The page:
Our doctors are on call 24/7 and will be at the side of someone in need as quick as they can. Would you be able to help someone if they needed assistance before paramedics arrived? At home, at work or in the street? Basic first aid skills can be life-saving and this knowledge could enable you to help family members, friends or strangers.
Firstly, run the burn under cold running water for 10 minutes minimum. This helps to reduce the pain, any swelling and the risk of scarring. The longer a burn can be held under cold running water, the better the prognosis of scarring, if any, will be.
After a minimum 10 minutes of cooling, the burn area should be covered in cling film or a clean plastic bag to prevent infection. If necessary, call 999. A serious burn may require urgent medical treatment so seek medical assistance.
Should you encounter a person who has collapsed and is making jerking movements, they could be having an epileptic seizure. They could be frothing around their mouth also. In order to prevent the person from hurting themselves during the seizure, use something soft like clothing or a blanket to protect their head. Do not restrain anyone having a seizure. You must let the seizure run its course. Simply remove anything that may injure them during the seizure.
Once the seizure has ended, help the person to lie on their side and ensure their head is tilted back to help them breathe.
Remember this simple test if you suspect a stroke may be happening to someone. The F-A-S-T test is a life-saving skill.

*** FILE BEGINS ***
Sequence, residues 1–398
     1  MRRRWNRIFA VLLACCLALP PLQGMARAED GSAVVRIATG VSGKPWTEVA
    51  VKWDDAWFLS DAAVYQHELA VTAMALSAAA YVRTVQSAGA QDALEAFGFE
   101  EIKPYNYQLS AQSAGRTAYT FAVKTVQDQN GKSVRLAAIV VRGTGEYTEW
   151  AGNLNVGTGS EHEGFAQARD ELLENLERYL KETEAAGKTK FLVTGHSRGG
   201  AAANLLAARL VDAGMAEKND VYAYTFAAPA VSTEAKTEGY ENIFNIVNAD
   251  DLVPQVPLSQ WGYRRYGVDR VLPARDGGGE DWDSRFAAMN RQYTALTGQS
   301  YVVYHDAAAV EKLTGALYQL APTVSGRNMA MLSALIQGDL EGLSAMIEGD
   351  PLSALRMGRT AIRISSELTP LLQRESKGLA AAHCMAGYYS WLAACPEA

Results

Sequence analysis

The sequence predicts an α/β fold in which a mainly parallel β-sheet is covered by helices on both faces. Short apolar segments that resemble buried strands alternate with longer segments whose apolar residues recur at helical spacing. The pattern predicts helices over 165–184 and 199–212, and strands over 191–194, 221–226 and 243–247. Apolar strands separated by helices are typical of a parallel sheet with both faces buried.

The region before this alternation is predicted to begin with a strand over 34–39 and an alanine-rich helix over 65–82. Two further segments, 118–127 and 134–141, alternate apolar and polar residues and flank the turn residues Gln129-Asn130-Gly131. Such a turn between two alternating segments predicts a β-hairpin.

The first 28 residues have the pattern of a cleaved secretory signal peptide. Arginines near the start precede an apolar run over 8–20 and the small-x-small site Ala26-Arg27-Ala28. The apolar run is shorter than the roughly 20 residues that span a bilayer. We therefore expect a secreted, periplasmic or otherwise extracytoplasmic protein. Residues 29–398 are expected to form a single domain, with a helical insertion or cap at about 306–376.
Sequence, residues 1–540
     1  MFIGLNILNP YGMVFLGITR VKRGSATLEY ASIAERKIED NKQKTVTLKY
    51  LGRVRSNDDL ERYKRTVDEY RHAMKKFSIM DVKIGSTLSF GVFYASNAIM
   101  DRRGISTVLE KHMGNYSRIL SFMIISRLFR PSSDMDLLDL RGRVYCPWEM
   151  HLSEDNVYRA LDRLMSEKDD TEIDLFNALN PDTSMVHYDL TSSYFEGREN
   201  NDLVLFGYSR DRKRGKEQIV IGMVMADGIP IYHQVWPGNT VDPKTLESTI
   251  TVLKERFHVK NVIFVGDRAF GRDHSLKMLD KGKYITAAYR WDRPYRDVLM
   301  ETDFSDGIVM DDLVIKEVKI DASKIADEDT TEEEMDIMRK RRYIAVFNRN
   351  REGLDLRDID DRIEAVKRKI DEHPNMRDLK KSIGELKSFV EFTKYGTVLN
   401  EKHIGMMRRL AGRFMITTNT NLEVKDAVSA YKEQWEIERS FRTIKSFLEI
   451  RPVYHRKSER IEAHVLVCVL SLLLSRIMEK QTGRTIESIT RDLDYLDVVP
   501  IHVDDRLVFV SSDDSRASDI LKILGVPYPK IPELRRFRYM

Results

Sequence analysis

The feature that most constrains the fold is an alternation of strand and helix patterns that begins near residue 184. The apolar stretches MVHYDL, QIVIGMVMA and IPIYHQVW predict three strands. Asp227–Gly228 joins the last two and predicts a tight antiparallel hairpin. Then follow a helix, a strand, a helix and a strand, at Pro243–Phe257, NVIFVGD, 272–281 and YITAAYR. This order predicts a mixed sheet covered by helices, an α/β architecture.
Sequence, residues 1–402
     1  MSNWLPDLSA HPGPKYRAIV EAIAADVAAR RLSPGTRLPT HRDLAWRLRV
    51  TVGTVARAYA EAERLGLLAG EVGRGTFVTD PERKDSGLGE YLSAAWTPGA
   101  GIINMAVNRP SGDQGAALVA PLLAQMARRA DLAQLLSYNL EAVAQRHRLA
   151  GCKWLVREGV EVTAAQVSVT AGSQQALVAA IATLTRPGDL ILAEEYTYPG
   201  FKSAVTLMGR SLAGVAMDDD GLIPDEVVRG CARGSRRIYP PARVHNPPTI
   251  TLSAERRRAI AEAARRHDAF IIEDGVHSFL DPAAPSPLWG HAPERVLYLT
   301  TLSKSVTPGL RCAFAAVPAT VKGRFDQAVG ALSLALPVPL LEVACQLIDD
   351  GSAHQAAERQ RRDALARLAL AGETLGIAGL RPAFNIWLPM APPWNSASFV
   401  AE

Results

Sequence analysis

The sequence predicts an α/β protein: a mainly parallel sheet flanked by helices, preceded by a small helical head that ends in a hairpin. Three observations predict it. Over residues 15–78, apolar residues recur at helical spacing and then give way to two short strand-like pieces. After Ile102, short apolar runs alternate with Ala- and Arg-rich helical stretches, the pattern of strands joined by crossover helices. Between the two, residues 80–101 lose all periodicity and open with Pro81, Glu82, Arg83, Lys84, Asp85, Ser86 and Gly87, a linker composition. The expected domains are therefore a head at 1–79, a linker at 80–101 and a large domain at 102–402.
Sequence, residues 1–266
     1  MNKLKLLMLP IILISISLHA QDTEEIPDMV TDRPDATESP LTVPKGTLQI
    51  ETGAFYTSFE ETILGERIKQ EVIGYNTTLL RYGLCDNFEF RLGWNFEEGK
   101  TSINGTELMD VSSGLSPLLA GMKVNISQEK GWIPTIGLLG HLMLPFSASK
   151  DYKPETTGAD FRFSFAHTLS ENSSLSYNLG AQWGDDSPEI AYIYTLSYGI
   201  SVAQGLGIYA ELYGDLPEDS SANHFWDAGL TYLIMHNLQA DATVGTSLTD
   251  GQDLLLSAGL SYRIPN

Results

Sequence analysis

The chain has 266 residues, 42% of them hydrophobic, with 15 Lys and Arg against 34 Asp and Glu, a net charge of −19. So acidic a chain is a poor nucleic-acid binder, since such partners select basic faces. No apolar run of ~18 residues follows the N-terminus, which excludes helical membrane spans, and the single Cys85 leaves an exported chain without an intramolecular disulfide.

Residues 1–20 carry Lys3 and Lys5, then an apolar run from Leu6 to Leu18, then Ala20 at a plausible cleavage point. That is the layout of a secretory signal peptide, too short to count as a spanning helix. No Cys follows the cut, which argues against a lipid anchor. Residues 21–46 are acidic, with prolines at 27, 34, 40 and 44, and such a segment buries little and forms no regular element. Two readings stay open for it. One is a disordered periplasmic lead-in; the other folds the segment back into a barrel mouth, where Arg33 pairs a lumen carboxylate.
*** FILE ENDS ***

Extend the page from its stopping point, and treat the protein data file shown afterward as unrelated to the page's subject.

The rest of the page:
Face – has one side of their face dropped/is it weaker?
Arms – can they raise both arms when asked?
Speech – can you understand their speech clearly?
Time – it’s time to call 999.
A stroke occurs when a blockage stops the supply of blood to the brain and these tests can determine if this has happened. Therefore fast action can really help to reduce the effects of a stroke.
If someone has an injury and is bleeding heavily, stopping or slowing the flow of blood is paramount. Put pressure on the wound to stop blood escaping. Call 999 – or ask someone else to do so. Keep pressure on the wound until medical help arrives.
If you are interested in learning more life–saving skills or refreshing your knowledge, do not hesitate to research courses near you. The British Red Cross and St John’s Ambulance offer first aid courses. Use the links below to find out more.